Sitting on my front steps, awash in sun,
I drink my tea and watch the neighbor’s house.
Two Mormon missionaries — ties as black
and thin as the exclamation point
at the end of “Jesus!” — knock then smile
as old Sid Peterson emerges. Too far
away to hear their words, I shade my eyes
and watch the pantomime. A pamphlet, scowls,
then clenched fists and soundless howls as Sid
waves them off his lawn. He’s shaking now,
a scrap of paper trembled by the wind,
but who can blame him? All morning long
he’s had a steady stream of visitors,
the ardent faithful bringing him the news
of Christ, Krishna, Moses, Buddha — a world
of promises and light he knows is false.
He turns to go inside. I should confess,
I called them all. But I can’t bring myself
to seek an absolution for my sins.
By Rob Griffith
Seeing the Bent Light
The oxymoronic term “Funny Business” is at once colloquial and complex, conveying action that may be innocuous or underhanded. Entries tended to reflect one or the other of these interpretations.
In his winning poem “Crusade,” Rob Griffith draws on both the comic and the
darker connotations of funny business in his deceptively simple narration of a
prank. The “pantomime” the speaker creates for his own entertainment is subjecting his apparently atheist neighbor, Sid, to a parade of door-to-door proselytizers,
“the ardent faithful bringing him the news /of Christ, Krishna, Moses, Buddha,”
urging him toward “a world / of promises and light he [Sid] knows is false.” Enjoying Sid’s anger, the speaker watches him “shaking now, / a scrap of paper
trembled by the wind.” The ambiguity is key, the paper signifying religious tract
and Sid’s vulnerability, both subject to the wind’s whims — external power of a
neighbor’s manipulations or something more ultimate.
The poem ends with a revelatory admission; the speaker states, “I should confess, / I called them all [the proselytizers]. But I can’t bring myself / to seek an absolution for my sins.” Thus, the speaker is indicted as irresolute, unwilling to live
fully by his own truths. “Crusade” now reads as not only attempted persuasion
but also brutal conversion by the sword, evoking the potential horrific consequences of self-certainty and the denial of personal responsibility.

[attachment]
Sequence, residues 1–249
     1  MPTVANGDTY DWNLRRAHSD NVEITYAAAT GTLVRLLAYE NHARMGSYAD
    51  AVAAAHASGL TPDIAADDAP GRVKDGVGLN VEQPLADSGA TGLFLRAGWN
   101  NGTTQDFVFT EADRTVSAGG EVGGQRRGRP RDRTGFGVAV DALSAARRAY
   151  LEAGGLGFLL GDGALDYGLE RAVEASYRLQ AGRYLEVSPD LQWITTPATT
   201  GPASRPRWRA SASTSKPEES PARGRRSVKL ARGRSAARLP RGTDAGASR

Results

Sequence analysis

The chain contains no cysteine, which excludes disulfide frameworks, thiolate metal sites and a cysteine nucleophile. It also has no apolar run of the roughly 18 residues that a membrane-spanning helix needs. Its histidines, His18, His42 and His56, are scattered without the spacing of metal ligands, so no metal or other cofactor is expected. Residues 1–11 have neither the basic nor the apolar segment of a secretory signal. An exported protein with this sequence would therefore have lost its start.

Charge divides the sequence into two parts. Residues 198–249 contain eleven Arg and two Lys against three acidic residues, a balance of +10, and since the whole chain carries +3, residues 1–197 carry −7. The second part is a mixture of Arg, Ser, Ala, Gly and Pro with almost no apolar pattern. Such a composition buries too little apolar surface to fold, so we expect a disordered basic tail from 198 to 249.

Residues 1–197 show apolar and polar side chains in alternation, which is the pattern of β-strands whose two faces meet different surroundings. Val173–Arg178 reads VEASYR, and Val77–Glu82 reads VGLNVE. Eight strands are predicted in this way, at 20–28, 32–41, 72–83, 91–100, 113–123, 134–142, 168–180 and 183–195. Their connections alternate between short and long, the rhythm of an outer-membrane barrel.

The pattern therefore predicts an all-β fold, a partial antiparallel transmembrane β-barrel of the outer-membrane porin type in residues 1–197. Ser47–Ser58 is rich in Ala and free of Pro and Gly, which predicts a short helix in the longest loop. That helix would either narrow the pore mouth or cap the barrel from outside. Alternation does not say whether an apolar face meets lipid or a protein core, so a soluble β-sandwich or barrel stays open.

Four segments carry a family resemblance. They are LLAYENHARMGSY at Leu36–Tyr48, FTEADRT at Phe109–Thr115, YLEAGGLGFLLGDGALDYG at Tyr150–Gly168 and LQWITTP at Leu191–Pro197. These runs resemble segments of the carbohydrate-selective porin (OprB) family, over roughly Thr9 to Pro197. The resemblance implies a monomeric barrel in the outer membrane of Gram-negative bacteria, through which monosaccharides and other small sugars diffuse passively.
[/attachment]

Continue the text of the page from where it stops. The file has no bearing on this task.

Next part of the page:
“Crusade” negotiates two ways of reading: as a humorous tale about a practical
joke and as a deeper questioning regarding our relationship to certainty and doubt.
Rob Griffith has published four books of poetry:
The Moon from Every Window (David Robert Books, 2011);
A Matinee in Plato’s Cave (Water Press and Media), winner
of a 2009 Best Book of Indiana Award; Poisoning Caesar
(Finishing Line Press, 2004); and Necessary Alchemy, winner
of Middle Tennessee State University’s 1999 Tennessee
Chapbook Prize. His work also has appeared in magazines
and journals such as Poetry, First Things, River Styx, North American Review,
Sewanee Theological Review, Prairie Schooner, and The Oxford American. He
teaches creative writing and literature at University of Evansville, his
Phi Kappa Phi chapter, and is the editor of Measure: A Review of Formal Poetry.
Email him at firstname.lastname@example.org.
Attention, poets: The poetry contest is open only to active Society
members, published or unpublished. Submissions — one per entrant
per issue — should be up to 40 lines long and must reflect the theme
of the edition. One original, previously unpublished poem is selected
for the printed version. Runners-up may appear online. Because the
winter edition will be devoted to those who have won Phi Kappa Phi
monetary awards the past year, the next poetry contest will be for the
spring 2014 edition, theme of “Faith.” Entry deadline is midnight,
Dec. 8, only by email at email@example.com. For complete rules
and details, go online to www.phikappaphi.org/poetry.